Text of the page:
Republican Gov. Paul LePage has vetoed a bill passed by the Maine legislature 11 days ago to regulate the retail sale of marijuana.
The Maine Legislature is set to return Monday to deal with any vetoes by LePage. The bill that sets rules for sales and taxes on marijuana passed with a two-thirds majority in the Senate, but not in the House. A two-thirds vote is necessary to override the veto.
In a letter containing his veto statement, LePage noted: “The Obama administration said they would not enforce federal law related to marijuana; however, the Trump administration has not taken that position. Until I clearly understand how the federal government intends to treat states that seek to legalize marijuana, I cannot in good conscience support any scheme in state law to implement expansion of legal marijuana in Maine.”
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In his statement, LePage referred to a conversation with Colorado’s Gov. John Hickenlooper, saying Hickenlooper “was adamant that Maine should learn from the mistakes made by his state and others that have pursued legalization efforts. He urged that we take the time necessary to get our law right from the start and not rush just to get something in place. There have been serious negative effects of legalization in other states — effects that should not be repeated in Maine.”
LePage also cited recent statistics that marijuana-related traffic deaths have increased in the years since November 2012, when Colorado voters approved a ballot measure to legalize recreational marijuana. Sales of adult-use cannabis started a little less than 14 months later, in January 2014.
Friday was the last day for LePage to veto this bill as well as one delaying implementation of ranked-choice voting. His other options were to sign the bill into law or let it become law without his signature.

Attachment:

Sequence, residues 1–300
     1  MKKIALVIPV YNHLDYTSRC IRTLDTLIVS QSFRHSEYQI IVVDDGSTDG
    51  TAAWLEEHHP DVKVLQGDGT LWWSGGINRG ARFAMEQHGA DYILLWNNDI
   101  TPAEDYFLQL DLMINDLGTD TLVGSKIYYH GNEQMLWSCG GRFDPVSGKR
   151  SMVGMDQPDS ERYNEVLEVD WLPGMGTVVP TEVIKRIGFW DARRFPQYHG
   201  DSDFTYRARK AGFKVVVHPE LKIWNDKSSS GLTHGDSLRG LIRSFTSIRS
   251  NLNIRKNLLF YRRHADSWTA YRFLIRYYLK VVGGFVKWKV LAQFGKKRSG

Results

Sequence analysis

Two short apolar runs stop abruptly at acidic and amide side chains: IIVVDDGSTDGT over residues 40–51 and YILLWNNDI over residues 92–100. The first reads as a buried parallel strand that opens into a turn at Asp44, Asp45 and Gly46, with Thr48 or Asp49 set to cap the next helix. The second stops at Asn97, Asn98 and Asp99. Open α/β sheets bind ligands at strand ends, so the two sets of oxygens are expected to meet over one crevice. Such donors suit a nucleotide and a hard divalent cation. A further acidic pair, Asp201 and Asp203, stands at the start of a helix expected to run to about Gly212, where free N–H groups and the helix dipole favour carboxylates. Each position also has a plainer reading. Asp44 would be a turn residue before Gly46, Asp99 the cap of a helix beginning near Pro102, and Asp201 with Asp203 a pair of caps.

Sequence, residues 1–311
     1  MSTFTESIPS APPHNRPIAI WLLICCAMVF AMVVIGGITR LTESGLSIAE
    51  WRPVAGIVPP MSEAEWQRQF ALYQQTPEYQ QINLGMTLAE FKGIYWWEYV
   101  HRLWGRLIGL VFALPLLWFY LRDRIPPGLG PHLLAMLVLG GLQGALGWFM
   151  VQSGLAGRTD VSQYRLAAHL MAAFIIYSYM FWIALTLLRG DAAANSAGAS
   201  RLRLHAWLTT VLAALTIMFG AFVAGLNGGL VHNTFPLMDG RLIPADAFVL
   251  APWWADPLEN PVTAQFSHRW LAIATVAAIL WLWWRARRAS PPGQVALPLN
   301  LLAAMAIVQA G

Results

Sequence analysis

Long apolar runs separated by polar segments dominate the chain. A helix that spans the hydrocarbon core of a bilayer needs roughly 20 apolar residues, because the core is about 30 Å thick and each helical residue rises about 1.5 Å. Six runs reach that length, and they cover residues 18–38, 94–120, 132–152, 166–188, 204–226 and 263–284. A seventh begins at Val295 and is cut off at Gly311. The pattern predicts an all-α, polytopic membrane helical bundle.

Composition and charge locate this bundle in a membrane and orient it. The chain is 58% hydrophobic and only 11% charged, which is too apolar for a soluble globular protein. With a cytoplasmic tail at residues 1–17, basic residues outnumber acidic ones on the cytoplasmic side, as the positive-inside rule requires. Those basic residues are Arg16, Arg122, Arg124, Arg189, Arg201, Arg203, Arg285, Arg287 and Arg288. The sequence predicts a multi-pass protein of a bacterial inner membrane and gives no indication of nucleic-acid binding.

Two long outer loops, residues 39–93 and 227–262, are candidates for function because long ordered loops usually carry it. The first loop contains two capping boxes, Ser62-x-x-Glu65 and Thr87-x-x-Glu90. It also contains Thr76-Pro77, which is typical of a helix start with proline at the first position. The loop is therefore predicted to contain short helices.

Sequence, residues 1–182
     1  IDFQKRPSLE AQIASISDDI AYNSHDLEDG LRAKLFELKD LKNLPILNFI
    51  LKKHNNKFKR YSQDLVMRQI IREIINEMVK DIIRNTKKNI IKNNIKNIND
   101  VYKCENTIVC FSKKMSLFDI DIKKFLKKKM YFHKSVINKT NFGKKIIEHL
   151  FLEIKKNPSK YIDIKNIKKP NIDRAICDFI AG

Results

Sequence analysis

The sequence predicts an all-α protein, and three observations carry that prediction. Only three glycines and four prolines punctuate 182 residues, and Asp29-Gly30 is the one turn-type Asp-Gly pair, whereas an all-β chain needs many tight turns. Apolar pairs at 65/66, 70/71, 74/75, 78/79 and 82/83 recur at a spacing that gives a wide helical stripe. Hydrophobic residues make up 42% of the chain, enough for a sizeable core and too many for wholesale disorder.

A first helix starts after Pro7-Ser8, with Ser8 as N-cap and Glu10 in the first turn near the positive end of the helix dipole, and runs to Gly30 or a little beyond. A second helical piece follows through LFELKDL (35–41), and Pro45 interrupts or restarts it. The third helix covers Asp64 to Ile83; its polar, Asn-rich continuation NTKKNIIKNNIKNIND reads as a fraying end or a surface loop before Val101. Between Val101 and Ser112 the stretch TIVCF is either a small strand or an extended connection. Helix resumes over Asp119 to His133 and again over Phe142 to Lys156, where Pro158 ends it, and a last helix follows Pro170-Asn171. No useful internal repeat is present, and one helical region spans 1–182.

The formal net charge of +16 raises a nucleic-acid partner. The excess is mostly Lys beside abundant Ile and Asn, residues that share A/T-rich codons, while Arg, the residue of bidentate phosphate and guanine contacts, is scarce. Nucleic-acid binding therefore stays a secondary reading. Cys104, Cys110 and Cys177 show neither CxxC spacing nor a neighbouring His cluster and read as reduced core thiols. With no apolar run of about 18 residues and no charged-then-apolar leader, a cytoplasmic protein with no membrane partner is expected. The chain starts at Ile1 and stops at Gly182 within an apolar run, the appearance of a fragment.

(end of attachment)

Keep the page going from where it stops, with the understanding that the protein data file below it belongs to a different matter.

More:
The Maine Marijuana Project called on lawmakers to override the governor’s veto, The Associated Press reported. The group said legislators should allow marijuana sales, likely in 2019.
“Governor LePage has made a mistake by vetoing this legislation. Instead of a regulated and controlled system of marijuana cultivation and sales, Maine will continue to support the unregulated market,” said David Boyer, political director of the marijuana advocacy group.
A group opposed to the bill, Smart Approaches to Marijuana, praised the governor for vetoing the “flawed bill,” according to AP.
“This bill has gaping holes with respect to youth access and public safety. We now call on Maine lawmakers to do the right thing and sustain the veto,” said SAM Chairman Scott Gagnon.
In October, LePage had called for the legislature to delay sales until 2019 while they worked on the details of regulation.
It has been legal to possess and grow marijuana in the state since February 1, but in late January, the legislature delayed sales until February 1, 2018.
Maine voters narrowly voted to legalize marijuana for recreational use a year ago. The vote was so close that there was a two-day recount.
In January, when LePage was signing the voter-approved referendum, he said he remained skeptical of whether it is wise for the state to implement legalized marijuana for recreational use.
The Associated Press contributed to this story.
Read: Maine Gov. Paul LePage veto letter of marijuana legalization bill